HE bumblebee is to be ren- was expected. But this is a matter of dered almost superfluous in no importance of the “fecundating manature by a machine newly chine,” as the inventor calls it, works as patented by an Indiana in- well as he claims it does. One such ma
ventor— James M. Dennis, of chine, he asserts, is equal for fertilizing Cambridge City.
purposes to a whole swarm of bumbleThis, at all events, so far as concerns bees. clover and alfalfa plants, which have de- The contrivance is two-wheele 1 pended almost wholly upon the bumble- skeleton cart, and is intended to be driven bee for their production of seed. Where by a man over a clover field. In the there are no bumblebees there is neither rear of the axle is a horizontal frame clover nor alfalfa. Which is why our extending almost the entire width of the government, not long ago, sent several vehicle. This frame is interlaced with batches of these useful insects to Aus- numerous wires in such fashion as to tralia, a bumblebeeless and cloverless divide it up into an arrangement of country.
square meshes. Up to date, it does not appear that the It will be understood, then, that the experiment has “panned out” as well as interlacing wires join each other at right
SIDE VIEW. ShowING THE "FINGERS" OF MACHINE
FOR FECUNDATION OF PLANTS.
cart wheels, they are lifted gently and
dropped suddenly. This keeps the frame VIEW FROM ABOVE OF M4HINE FOR POLLENIZING continually agitated; likewise the fuzzy
fingers, which brush the blossoms, take
up their pollen, and deposit it upon other angles. From every joining there hangs blossoms. downward a pair of spring-shaped wire In order that clover or alfalfa shall fingers wrapped with some fuzzy stuff, produce good seed, it is necessary that such as lint or fibrous down. The fuzzy the blossoms shall be cross-pollinated. fingers thus prepared are made water- In other words, the pollen of one blosproof by dipping them in a thin solution som must fertilize another. This is a of rubber. This is highly important, task satisfactorily accomplished by the because they are the business members, bumblebee; but Mr. Dennis claims that so to speak, of the machine.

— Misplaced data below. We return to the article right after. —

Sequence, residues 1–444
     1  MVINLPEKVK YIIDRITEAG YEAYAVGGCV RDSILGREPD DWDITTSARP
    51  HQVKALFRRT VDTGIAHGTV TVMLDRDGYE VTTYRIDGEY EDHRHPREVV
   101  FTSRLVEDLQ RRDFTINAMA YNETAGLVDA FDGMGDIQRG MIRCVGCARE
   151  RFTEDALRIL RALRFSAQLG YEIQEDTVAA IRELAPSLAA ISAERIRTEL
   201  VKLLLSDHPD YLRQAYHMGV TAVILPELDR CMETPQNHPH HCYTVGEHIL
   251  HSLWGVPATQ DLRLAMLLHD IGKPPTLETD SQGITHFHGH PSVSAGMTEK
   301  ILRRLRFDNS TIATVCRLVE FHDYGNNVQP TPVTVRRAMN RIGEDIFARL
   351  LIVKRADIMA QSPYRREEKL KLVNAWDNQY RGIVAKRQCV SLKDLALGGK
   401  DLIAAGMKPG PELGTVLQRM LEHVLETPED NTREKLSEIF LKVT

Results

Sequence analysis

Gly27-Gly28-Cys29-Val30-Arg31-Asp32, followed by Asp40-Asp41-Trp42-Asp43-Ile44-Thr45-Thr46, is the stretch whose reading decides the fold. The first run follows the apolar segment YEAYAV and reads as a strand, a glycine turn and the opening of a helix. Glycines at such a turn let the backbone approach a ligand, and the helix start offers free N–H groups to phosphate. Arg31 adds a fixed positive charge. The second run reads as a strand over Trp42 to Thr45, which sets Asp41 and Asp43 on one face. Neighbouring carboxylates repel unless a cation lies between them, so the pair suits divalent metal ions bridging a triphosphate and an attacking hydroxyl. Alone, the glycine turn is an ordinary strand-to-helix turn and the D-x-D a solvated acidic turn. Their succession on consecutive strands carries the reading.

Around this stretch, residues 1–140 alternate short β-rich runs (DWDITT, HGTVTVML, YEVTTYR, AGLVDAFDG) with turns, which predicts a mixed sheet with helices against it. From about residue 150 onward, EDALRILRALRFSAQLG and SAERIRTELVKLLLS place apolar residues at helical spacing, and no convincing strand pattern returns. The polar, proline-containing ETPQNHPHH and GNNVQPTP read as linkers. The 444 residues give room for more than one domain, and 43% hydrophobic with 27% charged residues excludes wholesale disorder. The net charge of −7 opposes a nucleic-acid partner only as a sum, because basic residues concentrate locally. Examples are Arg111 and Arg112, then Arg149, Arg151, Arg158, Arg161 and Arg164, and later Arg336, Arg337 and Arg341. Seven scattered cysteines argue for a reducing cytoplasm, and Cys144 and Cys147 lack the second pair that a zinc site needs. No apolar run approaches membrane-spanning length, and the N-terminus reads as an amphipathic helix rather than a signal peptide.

his machine does it equally well, and As the latter is driven slowly over the that it can be relied upon to fertilize clover or alfalfa field, the horizontal practically all the blossoms in any patch. frame, by an arrangement of cams, is A smaller machine is also being made made to move a few inches up and down. now for similar use among strawberry Four times during each revolution of the plants.
On a Grecian Urn
O, Attic shape ! Fair attitude ! with brede
Of marble men and maidens overwrought,
Thou silent form, dost tease us out of thought
When old age shall this generation waste
Than ours, a friend to man to whom thou say'st,
WILLIAM LEWIS NIDA
HE chief purpose of a school While the problems of heating and building is to render children ventilating schoolrooms have been fairly comfortable and to protect well solved, the science of lighting has as
their health while they are yet received little consideration, though
being taught. This protection it has been brought to our attention to health should be brought about with again and again that a greater percentthe minimum of attention from the age of school children are suffering teacher who is likely to be absorbed in from eye-strain than from any other the process of instruction.
trouble. Many eye diseases, headaches In the building of the Elm Street and nervous disorders are directly atSchool at River Forest, Illinois, the tributable to the use of the eyes under board of education has adopted an en- improper conditions. tirely new method of lighting and with When we consider that the eye, whose such success that it has already been loss is more deplorable than that of any taken up by surrounding towns.
other sense organ, is subjected to con
CONTRARY TO THE PREVAILING IDEA, ONE-STORY BUILDINGS COST NO MORE PER ROOM
THAN TWO-STORY STRUCTURES.